Wednesday, April 16, 2014

Kickstarter Innovations

I was all set to write today about some goofy bike-related Kickstarter innovations, like these "Upper Wheel Fairings" that "reinvent the bicycle wheel to minimize overall wheel drag, increasing headwind penetration speeds." One can "readily feel the difference in penetrating even a slight headwind," says the copy in the Kickstarter campaign.

For the ultimate in headwind penetration.
I say, I was all set to write about them -- then I saw yesterday's Bike Snob post, where he wonders why anyone who won't put fenders on their bikes would "spoil the elegant lines of their plastic dork chariots with these."

Oh well -- there's one blog post idea basically shot down. Believe me, it was going to be awesome.

Nevertheless, there are plenty of other "innovations" to see on Kickstarter, and it surprises me how many of them have actually made their fundraising goals.

Here was one that kind of annoyed me, The Sutro Mission Bicycle, designed and built in San Francisco. The creators billed it as "an innovative bicycle designed specifically for city riding." I failed to find anything particularly innovative about it. Their fundraising campaign said, "The Sutro was designed by and for city cyclists to be ridden everyday and everywhere. We took the simplicity of a single speed bike and added the versatility of a Shimano multi-geared internal hub. Then to achieve a clean aesthetic we routed the brake and shifter cables through the frame."

Hub gearing and internal cable routing? Nope -- neither of those things has ever been done before.

Did we mention internal
cable routing?
I can only assume it never rains in San Francisco, because this innovative city bicycle designed to be ridden "everyday" has no means for attaching fenders, and even if it did, the clearance looks questionable. And these "city cyclists" apparently aren't riding to work any time soon, because there are no rack eyelets either. Why not? Because the "Sutro frame was conceived to have only what was essential. Since there are many ways to add fenders, racks, bottle cages, etc. without eyelets or braze-ons we choose to leave them off." So I guess the "innovation" comes in trying to figure out how to attach all those city-riding essentials that the creators don't consider essential. But did we mention that it has internal cable routing? (actually, I think they mention it three or four times, not counting the video). So, if you think "city riding . . . everyday and everywhere" means riding to the coffee shop on sunny days, this is the innovative bike for you! Fully funded, of course.

Airless "flat-free" tires are nothing new, but they crop up again and again. The latest version was on Kickstarter, and was fully funded -- the @cme FlatFree Wheels. The creator and his investing supporters should have read the late Sheldon Brown's take on these things. "Airless tires have been obsolete for over a century, but crackpot 'inventors' keep trying to bring them back," wrote Brown. "They are heavy and slow. They give a harsh ride and poor high-speed cornering on rough surfaces. They are also likely to cause wheel damage, due to their poor cushioning ability."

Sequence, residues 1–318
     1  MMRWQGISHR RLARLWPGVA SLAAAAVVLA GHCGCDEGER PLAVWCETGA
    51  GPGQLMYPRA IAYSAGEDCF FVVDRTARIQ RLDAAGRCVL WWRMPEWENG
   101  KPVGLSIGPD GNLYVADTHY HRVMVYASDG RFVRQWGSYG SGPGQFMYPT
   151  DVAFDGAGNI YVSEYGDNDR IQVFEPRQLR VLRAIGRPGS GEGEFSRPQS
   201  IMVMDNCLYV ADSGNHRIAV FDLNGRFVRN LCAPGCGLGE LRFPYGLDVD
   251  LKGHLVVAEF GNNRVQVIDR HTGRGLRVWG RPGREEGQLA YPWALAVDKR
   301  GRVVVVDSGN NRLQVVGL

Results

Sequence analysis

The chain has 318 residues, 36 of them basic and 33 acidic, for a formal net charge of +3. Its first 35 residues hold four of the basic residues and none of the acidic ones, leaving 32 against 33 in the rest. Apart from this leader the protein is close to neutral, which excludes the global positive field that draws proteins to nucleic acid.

The creator of the @cme FlatFree wheels claims "these tires weigh more than traditional tires, and ride like a tire with 60 pounds of air in it. They will add about 1400 grams to each wheel. You will NEVER have to fix a flat." Ummm, I'm not a weight weenie by any stretch, but 1400 grams is about 3 pounds -- for each wheel.

But the most ridiculous thing about this fundraising venture is that they bill this as though they came up with the things themselves without making it clear that they are just using existing airless tires, the Hutchinson Serenity, and mounting them on wheels they build. You could just order a pair of the Hutchinsons (or have your local bike shop get them for you, but they'll probably advise against it) and mount them to your existing wheels. But then you wouldn't have the pleasure of supporting innovation.

To be filed under the heading "Why" comes the Handlebar Minibar: "A way of discreetly storing drink, banknotes or a rolled cigarette inside your bicycle's handlebars . . . for when you need them most." It holds 5 ml of liquid -- keep in mind that a typical American shotglass holds about 44 ml. A UK shot (the creator is in London, after all) is 25 - 35 ml. If someone can't get through a typical bike ride without needing a fraction of a shot of liquor, they have some real issues. I'm reminded of the portrayal of alcoholics on bad after-school specials who always have a secret stash of booze hidden away somewhere for when they get the DTs. Then again, it could be used for a cigarette -- because lots of cyclists succumb to that craving when riding.
The Jiggernaut -- for the amateur frame builder or hobbyist.
Fully funded.

Now this last one, The Jiggernaut, struck me as a pretty cool thing. It's essentially a relatively inexpensive jig for do-it-yourself frame builders. The Jiggernaut is CNC machined out of 3/4-in. thick MDF board and allows for a decent range of bicycle styles and geometries. I have no idea if this would work well or not, and I'd be interested to know what an experienced framebuilder would think of it -- but my impression of it is that it might be worthwhile. One doesn't need a jig to build a frame, but it helps -- but most of the ones that are available are pretty expensive and designed for professionals. I've given some thought to trying my hand at framebuilding someday, so this is one new product I'd like to know more about.

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